Always look at the manufacturer recommendations when selecting the best wetsuit size. Use the size charts to select your best size. Your dive professional at Colorado Diver Training can help you find just the right suit!
Your wetsuit should fit like a second skin. Gaps in your arm pits, spaces between your legs, behind your knees or in the curvature of your spine will let water in and pump it around the inside of your suit, drastically reducing your ability to keep warm. Suits that are too tight are hard to get on and make it difficult to maneuver.
Everybody has a unique shape, and every manufacturer's definition of small, medium and large seems to be different. To get a snug-fitting suit you're going to have to work with your instructor who will help make sure you are getting the right fit and follow these rules.
Try them on until you find the perfect fit. Remember, wearing a snug-fitting suit with no gaps or spaces, you’ll burn less energy and stay warm longer.
If you just can't find a suit that will do the job, many manufacturers are willing to custom cut a suit to match your unique measurements.
Other than fit, thickness may be the most important consideration in selecting a wetsuit. In the wetsuit world, thickness is always given in millimeters, with a possible range of about 1-10 mm. Generally speaking, wetsuit thickness should be based on the water temperature. The thicker the wetsuit, the warmer the wetsuit.
Wetsuit thicknesses are specifically designed for waters from about 45° to 85°F. Any colder than 45º, and you'll need to wear a drysuit. If a wetsuit style offers two thicknesses, such as "3/2 mm," the "3" refers to the thickness around the torso and the "2" refers to the thickness around the limbs. These wetsuits are often referred to by their numbers only, so that a wetsuit with 5 mm torso and 3 mm limbs might conversationally be a called a "5/3."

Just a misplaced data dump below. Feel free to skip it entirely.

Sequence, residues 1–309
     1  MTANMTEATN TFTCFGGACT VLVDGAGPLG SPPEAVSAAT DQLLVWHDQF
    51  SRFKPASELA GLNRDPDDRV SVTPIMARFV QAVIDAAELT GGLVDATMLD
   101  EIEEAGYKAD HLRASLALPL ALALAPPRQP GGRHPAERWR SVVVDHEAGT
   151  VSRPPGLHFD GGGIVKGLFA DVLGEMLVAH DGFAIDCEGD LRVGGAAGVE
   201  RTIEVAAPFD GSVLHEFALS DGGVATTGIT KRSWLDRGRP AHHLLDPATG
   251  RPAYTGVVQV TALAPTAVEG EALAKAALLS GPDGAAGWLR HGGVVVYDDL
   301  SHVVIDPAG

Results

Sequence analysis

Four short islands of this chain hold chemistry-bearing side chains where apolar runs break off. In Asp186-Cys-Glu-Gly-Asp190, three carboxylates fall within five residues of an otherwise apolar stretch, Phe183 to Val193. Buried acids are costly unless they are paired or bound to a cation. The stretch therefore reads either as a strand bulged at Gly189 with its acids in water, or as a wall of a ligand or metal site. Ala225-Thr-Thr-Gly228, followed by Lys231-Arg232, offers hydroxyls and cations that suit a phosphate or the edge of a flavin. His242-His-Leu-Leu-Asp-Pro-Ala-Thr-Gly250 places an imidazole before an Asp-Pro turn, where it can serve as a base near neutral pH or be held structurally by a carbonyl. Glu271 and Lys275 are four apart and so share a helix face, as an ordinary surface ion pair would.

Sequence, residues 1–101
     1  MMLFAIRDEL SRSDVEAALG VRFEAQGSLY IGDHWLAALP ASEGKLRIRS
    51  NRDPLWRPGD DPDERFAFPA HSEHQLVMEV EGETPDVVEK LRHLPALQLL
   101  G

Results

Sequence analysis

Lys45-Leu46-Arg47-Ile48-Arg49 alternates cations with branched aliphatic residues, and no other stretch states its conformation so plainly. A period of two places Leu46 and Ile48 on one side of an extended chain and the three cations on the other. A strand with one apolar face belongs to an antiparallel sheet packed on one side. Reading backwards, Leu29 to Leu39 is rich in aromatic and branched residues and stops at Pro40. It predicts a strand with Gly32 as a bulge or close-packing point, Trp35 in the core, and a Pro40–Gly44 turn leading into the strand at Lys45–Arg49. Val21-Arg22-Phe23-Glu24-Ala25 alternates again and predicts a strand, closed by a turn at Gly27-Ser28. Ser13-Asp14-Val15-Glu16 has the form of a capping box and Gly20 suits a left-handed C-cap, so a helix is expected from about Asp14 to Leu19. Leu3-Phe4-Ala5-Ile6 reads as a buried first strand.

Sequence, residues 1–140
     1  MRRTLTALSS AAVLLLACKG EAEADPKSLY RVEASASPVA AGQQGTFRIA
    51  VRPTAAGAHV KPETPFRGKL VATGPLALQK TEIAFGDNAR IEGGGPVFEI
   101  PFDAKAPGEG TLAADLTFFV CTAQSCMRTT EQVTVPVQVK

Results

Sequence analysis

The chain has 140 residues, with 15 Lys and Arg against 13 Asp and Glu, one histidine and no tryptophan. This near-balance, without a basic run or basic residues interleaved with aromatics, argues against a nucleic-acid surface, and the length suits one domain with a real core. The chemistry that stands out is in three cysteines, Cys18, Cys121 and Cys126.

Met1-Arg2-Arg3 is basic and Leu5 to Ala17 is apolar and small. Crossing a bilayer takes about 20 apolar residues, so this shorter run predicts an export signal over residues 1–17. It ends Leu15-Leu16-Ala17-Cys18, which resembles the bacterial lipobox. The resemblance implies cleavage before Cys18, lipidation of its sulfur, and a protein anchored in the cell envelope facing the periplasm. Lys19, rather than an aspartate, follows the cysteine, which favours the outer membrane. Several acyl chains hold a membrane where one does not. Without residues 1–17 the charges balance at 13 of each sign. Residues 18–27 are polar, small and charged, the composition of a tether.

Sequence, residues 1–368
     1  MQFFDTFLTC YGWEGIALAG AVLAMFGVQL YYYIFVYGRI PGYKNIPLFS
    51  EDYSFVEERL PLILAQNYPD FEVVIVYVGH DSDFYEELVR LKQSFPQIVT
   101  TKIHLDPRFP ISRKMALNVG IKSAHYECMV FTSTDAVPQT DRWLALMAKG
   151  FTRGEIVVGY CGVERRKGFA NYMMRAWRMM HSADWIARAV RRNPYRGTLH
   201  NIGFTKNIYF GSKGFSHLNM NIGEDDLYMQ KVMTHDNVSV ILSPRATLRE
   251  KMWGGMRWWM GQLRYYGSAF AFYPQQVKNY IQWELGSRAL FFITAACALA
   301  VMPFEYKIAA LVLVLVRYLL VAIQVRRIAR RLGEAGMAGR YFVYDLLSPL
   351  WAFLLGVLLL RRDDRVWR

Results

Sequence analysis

A warmer wetsuit isn't always a better wetsuit. Thicker wetsuits are very hot to wear outside of the water (or when worn in very warm water). Also, thicker wetsuits greatly restrict mobility, weigh more and are more buoyant, which can be a concern for scuba divers. You don't want too much protection, but rather just the right level of protection for the activity at hand.
The type of activity will also help you determine your best wetsuit. In the same body of water, constant submersion demands a thicker wetsuit, while lots of surface time means you won't require as thick a wetsuit. Also, the more activity involved with your pursuit, the less wetsuit you'll need since you'll be generating more body heat.
Scuba divers need to keep in the mind the effects of high water pressure at depth when deciding on the best wetsuit thickness. Since the increased pressure during dives compresses wetsuits, they will not perform as well at depth. Scuba divers should therefore wear a thicker wetsuit than would be expected for the water temperature if they plan to be down deep for extended periods of time.
Quick Tip: As a general rule, wetsuits lose about half their insulative power at a depth of 60 feet, and even more as you descend deeper.
Wetsuit Thickness by Water Temperature
As wetsuits get older, they will naturally stiffen, crack and compress due to the effects of sunlight, salt water, overstretching, etc. In order to slow down this process and get the most out of your wetsuit, follow these simple care, storage and cleaning guidelines: